Friday, July 29, 2011

Parsing Leviticus

Much is made by those Christians who happen to be ultra-conservative of the command in Leviticus that a man should not lay with another man as with a woman.

While conservatives are often faulted for taking their bible too literally, in this case they don't take it literally enough. Let's look at the whole sentence:
"Thou shalt not lie with mankind, as with womankind: it is abomination."
(KJV Lev 18:22)
Many generalize this statement into the belief that men should not have any sexual experiences with other men. It doesn't say that.

Leviticus did not say that man shouldn't lie with man. He says that man shouldn't lie with man "as with womankind". The phrase "to lie with" rather apparently does mean to have a sexual experience. And "as with womankind" is a particular kind of sexual experience.

He next says that for man to lie down with an animal is also verboten. "As with womankind" doesn't enter the picture here. He could have been equally general one verse earlier in speaking about man's laying with mankind. But he wasn't.

If he had wanted to disavow all homosexuality, Leviticus could have saved ink and said "Thou shalt not lie with mankind." Period. But he qualifies the rule. He limits it - "as with womankind" is the particular way in which laying with mankind is forbidden.

What could "as with womankind" mean? Was Leviticus perhaps speaking of insertion? If a man lies with another man and has a sexual experience and no insertions take place, is Leviticus' command violated?

Were the Greeks, whose homosexuality included a lot of "intercrural" sex - insertion between the thighs - condemned for this by Leviticus? This was a class of sex known to the times. Did Leviticus use the phrase "as with womankind" to exempt intercrural sex?

For that matter, does "to lie with" include sex standing up?

There is no reference in Leviticus to females having sex with other females. Once again, his injunction fails to be universal.

Leviticus was a cleanliness freak. God - as spoken to Moses and reported word for word by Leviticus - God is a cleanliness freak. In Chapter 18, He warned people to stay clean, and told them how. In Chapter 20, God speaks through Moses through Leviticus once again and commands that the community kill those who ignored His warnings back in Chapter 18.

Now, one can't catch AIDS through the fingertips. One can't, unless one has sore gums, catch AIDS through the mouth. One can catch AIDS through insertion.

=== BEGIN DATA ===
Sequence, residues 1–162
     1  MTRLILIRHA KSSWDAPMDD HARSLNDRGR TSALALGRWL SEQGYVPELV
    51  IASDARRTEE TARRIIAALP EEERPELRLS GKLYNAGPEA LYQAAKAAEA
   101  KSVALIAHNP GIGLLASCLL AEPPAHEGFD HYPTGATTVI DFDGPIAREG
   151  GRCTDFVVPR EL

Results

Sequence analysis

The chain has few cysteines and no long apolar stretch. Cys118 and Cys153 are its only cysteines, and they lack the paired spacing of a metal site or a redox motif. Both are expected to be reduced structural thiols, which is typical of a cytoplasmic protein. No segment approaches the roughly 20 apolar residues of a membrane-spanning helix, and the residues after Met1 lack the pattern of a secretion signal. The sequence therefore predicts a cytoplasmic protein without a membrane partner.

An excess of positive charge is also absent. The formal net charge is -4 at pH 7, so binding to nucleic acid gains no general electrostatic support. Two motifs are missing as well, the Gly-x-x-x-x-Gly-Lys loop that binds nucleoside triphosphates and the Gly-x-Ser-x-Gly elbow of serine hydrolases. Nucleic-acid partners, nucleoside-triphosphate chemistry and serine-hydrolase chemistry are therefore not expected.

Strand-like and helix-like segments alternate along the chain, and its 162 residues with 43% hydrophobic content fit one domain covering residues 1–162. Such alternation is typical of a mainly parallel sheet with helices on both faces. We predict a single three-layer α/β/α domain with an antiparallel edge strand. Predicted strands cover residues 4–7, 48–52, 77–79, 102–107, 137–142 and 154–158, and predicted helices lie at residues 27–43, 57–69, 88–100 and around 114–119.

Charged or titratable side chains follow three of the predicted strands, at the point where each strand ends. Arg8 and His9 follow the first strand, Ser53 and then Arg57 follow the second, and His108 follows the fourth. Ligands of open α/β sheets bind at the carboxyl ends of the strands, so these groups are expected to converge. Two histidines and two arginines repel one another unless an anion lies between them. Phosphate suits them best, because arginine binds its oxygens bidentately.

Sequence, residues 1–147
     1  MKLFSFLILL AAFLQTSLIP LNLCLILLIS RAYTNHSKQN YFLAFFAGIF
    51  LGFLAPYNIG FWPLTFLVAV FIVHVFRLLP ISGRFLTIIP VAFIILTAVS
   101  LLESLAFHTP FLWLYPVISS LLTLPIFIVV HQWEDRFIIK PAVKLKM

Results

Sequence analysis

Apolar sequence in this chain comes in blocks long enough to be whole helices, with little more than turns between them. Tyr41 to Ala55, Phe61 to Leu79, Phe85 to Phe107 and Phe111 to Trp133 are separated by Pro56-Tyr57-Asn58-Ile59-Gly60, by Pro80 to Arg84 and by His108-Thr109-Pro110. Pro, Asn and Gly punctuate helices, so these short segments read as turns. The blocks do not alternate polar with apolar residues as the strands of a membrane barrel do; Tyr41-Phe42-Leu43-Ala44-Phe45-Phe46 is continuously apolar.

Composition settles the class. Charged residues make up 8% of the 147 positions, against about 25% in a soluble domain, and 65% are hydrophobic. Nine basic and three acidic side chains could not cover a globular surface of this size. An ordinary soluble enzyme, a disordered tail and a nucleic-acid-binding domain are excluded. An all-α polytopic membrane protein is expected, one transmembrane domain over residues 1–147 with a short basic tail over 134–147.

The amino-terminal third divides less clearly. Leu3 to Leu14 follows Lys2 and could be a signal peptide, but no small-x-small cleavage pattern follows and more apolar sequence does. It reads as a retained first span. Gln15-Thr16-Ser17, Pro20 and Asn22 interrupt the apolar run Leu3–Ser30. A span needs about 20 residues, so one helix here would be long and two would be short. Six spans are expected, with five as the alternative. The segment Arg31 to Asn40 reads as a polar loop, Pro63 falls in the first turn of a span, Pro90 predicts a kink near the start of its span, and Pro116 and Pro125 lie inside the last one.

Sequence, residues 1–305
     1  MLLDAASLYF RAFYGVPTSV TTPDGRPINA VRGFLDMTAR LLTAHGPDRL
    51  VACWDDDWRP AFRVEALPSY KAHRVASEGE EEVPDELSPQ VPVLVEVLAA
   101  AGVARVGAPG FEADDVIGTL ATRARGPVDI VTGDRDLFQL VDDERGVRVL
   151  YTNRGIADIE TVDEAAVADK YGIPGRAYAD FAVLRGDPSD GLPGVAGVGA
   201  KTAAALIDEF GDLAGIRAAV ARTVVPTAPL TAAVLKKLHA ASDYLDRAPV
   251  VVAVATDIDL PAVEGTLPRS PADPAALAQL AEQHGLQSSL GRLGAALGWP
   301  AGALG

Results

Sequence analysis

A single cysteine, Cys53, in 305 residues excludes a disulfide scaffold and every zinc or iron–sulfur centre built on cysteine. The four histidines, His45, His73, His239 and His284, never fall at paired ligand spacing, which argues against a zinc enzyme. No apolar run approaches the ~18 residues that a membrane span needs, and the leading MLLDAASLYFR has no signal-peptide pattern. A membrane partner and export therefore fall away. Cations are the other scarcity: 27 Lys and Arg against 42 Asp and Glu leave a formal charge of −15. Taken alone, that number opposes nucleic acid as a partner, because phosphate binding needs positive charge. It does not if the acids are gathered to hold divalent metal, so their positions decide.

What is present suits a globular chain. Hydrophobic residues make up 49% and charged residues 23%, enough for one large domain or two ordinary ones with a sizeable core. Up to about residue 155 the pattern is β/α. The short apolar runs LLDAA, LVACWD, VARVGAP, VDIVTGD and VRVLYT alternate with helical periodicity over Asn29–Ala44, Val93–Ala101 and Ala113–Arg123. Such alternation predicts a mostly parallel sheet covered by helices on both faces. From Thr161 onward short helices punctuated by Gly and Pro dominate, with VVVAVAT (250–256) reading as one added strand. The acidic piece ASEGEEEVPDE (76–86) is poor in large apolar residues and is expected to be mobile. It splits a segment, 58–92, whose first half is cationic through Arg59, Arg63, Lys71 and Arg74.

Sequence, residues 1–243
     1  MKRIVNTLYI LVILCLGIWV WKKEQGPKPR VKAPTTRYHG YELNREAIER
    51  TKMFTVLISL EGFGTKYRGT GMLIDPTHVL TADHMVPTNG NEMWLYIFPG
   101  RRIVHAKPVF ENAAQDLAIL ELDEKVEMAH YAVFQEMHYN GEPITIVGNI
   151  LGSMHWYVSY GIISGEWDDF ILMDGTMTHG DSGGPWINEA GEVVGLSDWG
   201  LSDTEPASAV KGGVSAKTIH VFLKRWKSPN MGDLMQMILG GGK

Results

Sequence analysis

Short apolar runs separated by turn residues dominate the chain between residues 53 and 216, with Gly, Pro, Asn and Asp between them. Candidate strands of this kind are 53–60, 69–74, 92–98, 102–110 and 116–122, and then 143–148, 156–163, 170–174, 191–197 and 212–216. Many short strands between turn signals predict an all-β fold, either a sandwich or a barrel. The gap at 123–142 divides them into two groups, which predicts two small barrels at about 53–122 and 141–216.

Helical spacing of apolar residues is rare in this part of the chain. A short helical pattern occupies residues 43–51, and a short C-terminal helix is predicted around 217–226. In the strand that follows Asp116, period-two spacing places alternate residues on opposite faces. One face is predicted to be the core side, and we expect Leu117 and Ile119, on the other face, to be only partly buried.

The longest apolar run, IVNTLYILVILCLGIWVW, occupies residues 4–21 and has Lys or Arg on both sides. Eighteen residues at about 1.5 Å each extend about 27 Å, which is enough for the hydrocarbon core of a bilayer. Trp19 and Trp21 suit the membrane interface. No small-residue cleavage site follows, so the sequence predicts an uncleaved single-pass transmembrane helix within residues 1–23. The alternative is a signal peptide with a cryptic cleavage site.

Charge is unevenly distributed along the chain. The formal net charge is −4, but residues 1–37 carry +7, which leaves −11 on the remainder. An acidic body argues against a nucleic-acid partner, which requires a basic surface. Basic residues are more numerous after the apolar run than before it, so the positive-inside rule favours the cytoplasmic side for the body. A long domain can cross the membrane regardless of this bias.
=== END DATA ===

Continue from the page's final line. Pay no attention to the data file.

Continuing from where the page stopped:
AIDS was, as far as we know, not present in Leviticus' time. But there were other diseases. So the injunction against insertion into the most sensitive flesh of others who are human makes a lot of sense. They may be passing diseases around.

Yet since the male sexual cycle can call for release two or three times daily when young if one is not to spot the bedclothes, the space created by allowing male-male non-insertive sexual relationships may have been used to stabilize their urges until young males were ready to become family men. This appears to have happened in other cultures, and it may well have been quietly present among the early Jews.

Curiously, in the long list of relatives at the beginning of chapter 18 whom one should not attempt to disrobe, the brother is not included. The sister, yes...
"The nakedness of thy sister, the daughter of thy father, or daughter of thy mother, whether she be born at home, or born abroad, even their nakedness thou shalt not uncover. " (KJV Lev 18:9)
Even the sister. But not the brother. No mention of the brother.

Leviticus says in 18:6:
"None of you shall approach to any that is near of kin to him, to uncover their nakedness: I am the LORD."
He then details exactly what he means by 'near of kin', taking 12 verses. Even thy sister's nakedness thou shalt not uncover. But not your brother. "Even" suggests a boundary.

Not the brother. So brotherly male-male nudity at least is tolerable. In poor families today, children of the same gender are bathed together. It saves water. But this injunction is not about visual contact. It is about uncovering another.

This omission adds to the "not as with womankind" exemption. It is ok to uncover a brother and lie with him if it's not as with womankind. Says Leviticus.

Cousins are also ok, even the girls - they are not on the 'near of kin' list. And there is a whole world of same-sex people waiting beyond who are also not on the 'near of kin' list. It is ok to uncover them and lie with them if it's not like with a woman.

This was a pre-condom era. Sadly, the potential cleanliness of sex with a condom was not a part of Leviticus' discussion. Who knows what he would have permitted his people, if Leviticus had had access to condoms.

Later, in Chapter 20, Leviticus loses his temper and instructs his people that those who violate the laws in Chapter 18 must be killed. In this modern day, Christian conservatives may feel some lingering sense of responsibility to at least dump on, if not kill, those souls who violate the Levitical laws, at least the laws which these same Christians have not themselves broken.

Leviticus has become the enforcer.

What a gift to mankind. God has far greater gifts than Leviticus.

And even Leviticus allows males to lie with males so long as they do not lie 'as with womankind'.

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